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When to Replace: Walk-ins

Walk-in refrigerators and freezers can be an integral part of any foodservice operation because of their ability to store food products at desired temperatures. Here is an overview of these important pieces of foodservice equipment.

Foodservice operators can purchase a walk-in refrigerator or freezer in virtually any shape and size. Walk-ins can be as small as 15 cubic feet and as large as 400,000 sq. ft. Multi-level walk-ins also are available. Coolers are more likely to be larger than freezers.

One expert estimates that approximately 90 percent of walk-ins are custom fabricated. This allows operators to design the unit to best fit their needs. Quick-ship, off-the-shelf walk-ins also are available in set sizes. These include either remote or packaged refrigeration systems that contain a condensing unit and evaporator coil in one housing.

Walk-ins can be built from a wood frame box, high-density rail or Polyurethane foam. Polystyrene units, which are less energy efficient than foamed-in models, also are available. The outside of these units is typically constructed of stainless steel, aluminum or galvanized aluminum. Less common architectural finishes, such as aggregate or brick veneer, are offered, as well. Wall thickness varies from 4" or 5" for freezers and 3½" for coolers.

In recent years, most of the innovation with these units has had to do with foam and foam injection systems. Today, this insulation is CFC-free and offers improved energy efficiency.

Depending on whether units are coolers or freezers, walk-in temperatures range from -15 to 40 degrees F.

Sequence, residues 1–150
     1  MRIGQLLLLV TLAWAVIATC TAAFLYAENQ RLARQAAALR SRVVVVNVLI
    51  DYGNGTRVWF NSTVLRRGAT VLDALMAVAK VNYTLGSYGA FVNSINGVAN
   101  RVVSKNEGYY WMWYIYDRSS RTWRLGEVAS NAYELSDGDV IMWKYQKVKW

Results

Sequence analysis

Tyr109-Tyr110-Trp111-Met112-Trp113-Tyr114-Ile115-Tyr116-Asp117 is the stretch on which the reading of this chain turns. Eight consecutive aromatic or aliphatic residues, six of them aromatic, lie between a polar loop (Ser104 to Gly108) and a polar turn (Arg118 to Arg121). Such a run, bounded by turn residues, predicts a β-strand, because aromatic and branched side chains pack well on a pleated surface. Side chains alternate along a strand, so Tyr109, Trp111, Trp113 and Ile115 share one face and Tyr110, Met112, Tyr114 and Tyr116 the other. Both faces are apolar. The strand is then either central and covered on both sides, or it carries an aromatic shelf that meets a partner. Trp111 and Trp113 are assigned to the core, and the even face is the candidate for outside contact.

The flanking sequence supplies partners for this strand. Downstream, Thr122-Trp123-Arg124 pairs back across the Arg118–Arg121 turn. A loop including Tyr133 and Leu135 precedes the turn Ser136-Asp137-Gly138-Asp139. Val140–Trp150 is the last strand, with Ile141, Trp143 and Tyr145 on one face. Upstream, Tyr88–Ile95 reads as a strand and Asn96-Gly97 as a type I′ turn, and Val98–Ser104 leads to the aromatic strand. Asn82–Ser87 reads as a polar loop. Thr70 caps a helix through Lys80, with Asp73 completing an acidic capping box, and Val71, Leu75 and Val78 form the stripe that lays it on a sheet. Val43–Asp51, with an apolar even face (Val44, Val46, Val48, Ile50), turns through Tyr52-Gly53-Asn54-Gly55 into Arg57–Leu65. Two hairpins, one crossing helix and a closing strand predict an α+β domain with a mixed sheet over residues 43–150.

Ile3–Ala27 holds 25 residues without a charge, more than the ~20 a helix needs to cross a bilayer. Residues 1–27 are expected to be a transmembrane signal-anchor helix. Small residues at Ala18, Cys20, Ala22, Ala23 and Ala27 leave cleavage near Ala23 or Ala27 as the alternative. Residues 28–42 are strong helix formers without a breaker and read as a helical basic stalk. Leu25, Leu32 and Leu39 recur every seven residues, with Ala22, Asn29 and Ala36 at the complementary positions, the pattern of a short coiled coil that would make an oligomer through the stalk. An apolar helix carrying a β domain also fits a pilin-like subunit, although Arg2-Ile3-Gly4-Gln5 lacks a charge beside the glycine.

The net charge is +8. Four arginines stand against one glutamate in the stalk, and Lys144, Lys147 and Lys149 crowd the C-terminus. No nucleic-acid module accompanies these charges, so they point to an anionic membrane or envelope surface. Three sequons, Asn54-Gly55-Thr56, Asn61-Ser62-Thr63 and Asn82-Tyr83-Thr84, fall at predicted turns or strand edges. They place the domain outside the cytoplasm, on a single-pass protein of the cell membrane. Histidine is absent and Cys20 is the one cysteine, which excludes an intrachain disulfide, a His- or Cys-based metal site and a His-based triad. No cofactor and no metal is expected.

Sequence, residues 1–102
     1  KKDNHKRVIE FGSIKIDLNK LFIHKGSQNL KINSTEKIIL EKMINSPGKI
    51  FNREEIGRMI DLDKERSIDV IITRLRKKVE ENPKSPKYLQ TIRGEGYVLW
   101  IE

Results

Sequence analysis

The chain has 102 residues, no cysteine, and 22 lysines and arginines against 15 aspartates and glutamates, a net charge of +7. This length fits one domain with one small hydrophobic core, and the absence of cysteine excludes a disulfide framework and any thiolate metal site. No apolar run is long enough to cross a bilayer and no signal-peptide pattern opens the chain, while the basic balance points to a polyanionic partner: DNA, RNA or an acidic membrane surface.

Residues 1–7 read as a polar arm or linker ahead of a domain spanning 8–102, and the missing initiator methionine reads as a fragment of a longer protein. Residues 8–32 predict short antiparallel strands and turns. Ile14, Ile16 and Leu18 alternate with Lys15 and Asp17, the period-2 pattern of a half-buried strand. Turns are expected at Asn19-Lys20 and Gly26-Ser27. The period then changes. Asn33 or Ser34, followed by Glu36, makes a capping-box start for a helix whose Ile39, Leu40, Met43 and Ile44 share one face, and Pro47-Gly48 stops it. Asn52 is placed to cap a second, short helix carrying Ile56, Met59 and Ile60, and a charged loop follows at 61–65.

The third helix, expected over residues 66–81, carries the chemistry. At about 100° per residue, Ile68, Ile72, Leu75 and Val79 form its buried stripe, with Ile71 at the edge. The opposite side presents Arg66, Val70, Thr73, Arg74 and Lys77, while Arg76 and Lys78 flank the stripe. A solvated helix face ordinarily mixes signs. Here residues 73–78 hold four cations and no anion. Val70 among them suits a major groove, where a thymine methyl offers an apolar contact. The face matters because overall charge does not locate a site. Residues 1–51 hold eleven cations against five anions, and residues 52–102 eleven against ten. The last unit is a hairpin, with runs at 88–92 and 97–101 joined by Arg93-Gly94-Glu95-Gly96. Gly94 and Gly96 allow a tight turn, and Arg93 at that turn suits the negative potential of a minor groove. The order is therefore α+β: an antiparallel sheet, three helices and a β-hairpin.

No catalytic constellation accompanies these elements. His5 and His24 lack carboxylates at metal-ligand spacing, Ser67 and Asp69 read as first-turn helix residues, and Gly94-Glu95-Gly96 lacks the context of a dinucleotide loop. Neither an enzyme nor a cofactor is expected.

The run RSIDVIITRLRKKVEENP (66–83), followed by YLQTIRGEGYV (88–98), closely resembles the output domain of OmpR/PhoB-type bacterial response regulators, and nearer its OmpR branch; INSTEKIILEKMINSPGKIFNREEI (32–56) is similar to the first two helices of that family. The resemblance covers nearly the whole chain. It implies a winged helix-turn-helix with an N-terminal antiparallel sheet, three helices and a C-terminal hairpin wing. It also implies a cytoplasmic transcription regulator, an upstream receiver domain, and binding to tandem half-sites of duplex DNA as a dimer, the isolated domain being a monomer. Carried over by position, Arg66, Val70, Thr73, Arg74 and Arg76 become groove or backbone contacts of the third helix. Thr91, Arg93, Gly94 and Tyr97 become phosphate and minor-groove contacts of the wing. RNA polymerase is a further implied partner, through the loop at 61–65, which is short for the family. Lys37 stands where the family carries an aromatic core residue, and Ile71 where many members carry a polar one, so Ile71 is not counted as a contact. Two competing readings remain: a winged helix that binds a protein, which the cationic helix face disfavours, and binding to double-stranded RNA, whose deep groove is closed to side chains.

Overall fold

Smaller walk-ins typically include a ½-hp compressor and maintain a 35-degree F temperature, while freezers use a 1-hp compressor to maintain a -10-degree F temperature. The larger the walk-in, the greater the horsepower needed.

The Energy Independence and Security Act (EISA), which went into effect January 1, 2009, requires that freezers have a minimum R value of 32 when tested per ASTM-C518 standards at an operating temperature of 20 degrees F. Coolers must have a minimum R value of 25 when tested at 55 degrees F.

A variety of door configurations, including sliding, bi-parting and single styles, are available in electric and manual versions. Doors with windows also are offered when visibility into the walk-in is required.

Newer technology includes Bluetooth connectivity, which alerts operators when appropriate temperatures are not being maintained. Alarm systems can be used to signal when walk-in doors are left open. Also, motion detector lighting ensures that lights are not left on unnecessarily. In addition, temperature monitoring and recording systems can help operators comply with HACCP guidelines.

Many walk-ins have a system that controls the walk-in door's heater wires and lights, while monitoring temperature and other aspects of the unit.